Just off the top of my head, I can foresee every individual opting for some version of self-employment as contracted labor, self-incorporating, and thus qualifying for the $1,000,000 deductible rate leaving even fewer taxpayers than currently fund the system.

I do not understand the belief of some, that we need deductions or any form of graduated tax rates.  Protections under the Government are provided to all citizens equally.  Just because an individual earns more or less income does not allow for any compromise of protections expected from the Government.  Incrementalism provides opportunity for statistical divisions and ammunition for class warfare, and enables Government to construct obstacles to the People.

It amazes me that nobody has floated the idea of returning to the simplest method of taxation; that proscribed in the original writing of Article I, Section 2, Clause 3, of the Constitution.

Representatives and direct Taxes shall be apportioned among the several States which may be included within this Union, according to their respective Numbers, which shall be determined by adding to the whole Number of free Persons, including those bound to Service for a Term of Years, and excluding Indians not taxed, three fifths of all other Persons.

Restrict the role of the Federal Government to only that which is authorized in Article I, Section 8, of the Constitution, propose an annual budget to operate the Federal Government, and after receiving the consent of the Senate, fund the Federal Government with proportionate funding from the several States based on the Census performed each decade.  Allow each State to best determine how to meet their responsibility of funding their proportionate share of the Federal Government.

Reform Energy, Environmental, and Economic Policies by:

No argument here.  Although there is value to maintaining environmental responsibility, regulatory policies should be based on factual evidence that can be proved beyond reasonable doubt, not debatable theories based on emotions and fictitious beliefs.

It would be prudent however, to include marketing criteria in establishing policies regarding the subtitle subjects.  Part of being a ‘free nation’ is the right of individuals to profit from their labors.  However, no policies should allow for products or services in which profits can only be obtained, or sustained, through Government Subsidization.

Prohibit Federal Entry Into the Private Sector by:

The ‘Pledge’ document calls for “Disallowing Federal ownership of any business or enterprise that provides goods and services to the public.”

This is a valid point that I believe most Americans will agree with.  However, as noted above, any disallowance of Government ownership of business or enterprise, should include language banning the practice of Government subsidization of business or enterprise.

Furthermore, in establishing a ban of “Corporatism”, it is not wise to limit any such ban to issues that “conflict with national sovereignty” as such language, as proven time, and again, invites abuses based on interpretation.  America has the benefit of ‘lessons learned’, it is time we heed these lessons.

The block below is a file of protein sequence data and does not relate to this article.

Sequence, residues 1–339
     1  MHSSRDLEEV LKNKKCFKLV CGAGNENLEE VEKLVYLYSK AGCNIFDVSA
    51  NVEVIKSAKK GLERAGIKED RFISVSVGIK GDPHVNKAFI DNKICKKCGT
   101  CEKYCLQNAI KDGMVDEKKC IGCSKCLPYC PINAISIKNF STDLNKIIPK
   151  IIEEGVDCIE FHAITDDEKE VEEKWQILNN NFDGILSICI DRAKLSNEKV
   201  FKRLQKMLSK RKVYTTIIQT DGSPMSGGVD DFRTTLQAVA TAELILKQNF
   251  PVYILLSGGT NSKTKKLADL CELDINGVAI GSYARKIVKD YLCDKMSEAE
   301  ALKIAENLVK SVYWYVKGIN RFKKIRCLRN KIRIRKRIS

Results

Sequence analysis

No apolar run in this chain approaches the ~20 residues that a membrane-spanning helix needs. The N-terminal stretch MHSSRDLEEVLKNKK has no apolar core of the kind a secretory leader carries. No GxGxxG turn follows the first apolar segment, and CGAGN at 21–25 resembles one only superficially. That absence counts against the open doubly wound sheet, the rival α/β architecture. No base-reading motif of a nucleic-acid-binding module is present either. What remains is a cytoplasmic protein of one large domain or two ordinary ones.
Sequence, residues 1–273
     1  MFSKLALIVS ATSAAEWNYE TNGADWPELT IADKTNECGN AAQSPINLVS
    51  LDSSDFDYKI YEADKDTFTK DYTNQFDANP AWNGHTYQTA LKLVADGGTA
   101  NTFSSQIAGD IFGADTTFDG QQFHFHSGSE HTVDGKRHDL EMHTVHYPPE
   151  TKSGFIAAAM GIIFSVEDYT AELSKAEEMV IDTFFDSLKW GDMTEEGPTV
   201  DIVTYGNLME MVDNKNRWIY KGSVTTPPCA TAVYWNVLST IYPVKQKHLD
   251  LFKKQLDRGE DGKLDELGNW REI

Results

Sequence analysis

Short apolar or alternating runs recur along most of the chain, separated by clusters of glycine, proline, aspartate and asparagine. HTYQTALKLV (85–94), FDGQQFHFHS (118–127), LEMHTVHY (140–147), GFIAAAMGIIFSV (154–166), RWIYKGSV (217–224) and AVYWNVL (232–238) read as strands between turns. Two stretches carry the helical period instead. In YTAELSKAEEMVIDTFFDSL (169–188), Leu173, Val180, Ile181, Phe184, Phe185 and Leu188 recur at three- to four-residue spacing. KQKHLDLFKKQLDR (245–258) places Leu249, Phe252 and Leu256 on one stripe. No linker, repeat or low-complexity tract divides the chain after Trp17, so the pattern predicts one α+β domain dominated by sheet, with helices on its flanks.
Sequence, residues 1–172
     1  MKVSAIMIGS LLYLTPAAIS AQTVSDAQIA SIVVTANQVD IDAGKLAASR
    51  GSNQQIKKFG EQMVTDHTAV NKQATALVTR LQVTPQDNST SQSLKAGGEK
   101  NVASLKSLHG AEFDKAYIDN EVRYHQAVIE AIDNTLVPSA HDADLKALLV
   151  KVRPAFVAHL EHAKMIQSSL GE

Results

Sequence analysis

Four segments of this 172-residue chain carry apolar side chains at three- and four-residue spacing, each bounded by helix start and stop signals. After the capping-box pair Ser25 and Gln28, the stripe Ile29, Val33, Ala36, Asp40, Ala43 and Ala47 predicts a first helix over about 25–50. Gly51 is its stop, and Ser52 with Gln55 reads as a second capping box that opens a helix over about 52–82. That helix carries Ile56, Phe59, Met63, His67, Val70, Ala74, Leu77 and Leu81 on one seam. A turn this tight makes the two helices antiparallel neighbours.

Protect the 1st and 2nd Amendments by:

The last clause of this section of the ‘Pledge’ document becomes the most troubling as it contains ill-conceived notions that border on fanaticism, and at the very least is Christian fundamentalism, when it states,

Reaffirming the predominant influence that shaped our country was Natural Law as filtered through Christianity. Our Forefathers espoused separation of church and state, but they dreaded separation from the inherent moral imperatives of Religion. These imperatives are essential to binding a free and responsible society: “We hold these truths to be self-evident, that all men are created equal, that they are endowed by their Creator with certain unalienable rights, that among these are life, liberty and the pursuit of happiness.” In so far as any religion holds to these truths, we embrace that religion.

“Natural Law”, which guided the Founders, is NOT filtered through Christianity.  It is the “Law of Nature” that respectively applies to every person on earth, regardless of religion, through which individuals posses unalienable rights not granted by man.

The Framers never espoused a “Separation of Church and States”.  Although the idea is credited to have originated from the English political philosopher John Locke, the most popular assertion originated came in a private letter written in 1802, by Former President Thomas Jefferson,  to the Danbury Baptist.  The only reference to religion in the Constitution is found in Article VI, Clause 3, which ends by stipulating,

… no religious Test shall ever be required as a Qualification to any Office or public Trust under the United States.

Fanaticism, or Christian fundamentalism, is contained in the last sentence of the section, “In so far as any religion holds to these truths, we embrace that religion.”

In the first amendment we find,

Congress shall make no law respecting an establishment of religion, or prohibiting the free exercise thereof;

The free exercise of religion is just that and does not include any qualifiers, requiring compliance of thought, regarding “Natural Law”.  Rather, the first amendment mandates that each person have the right to free exercise of any religion.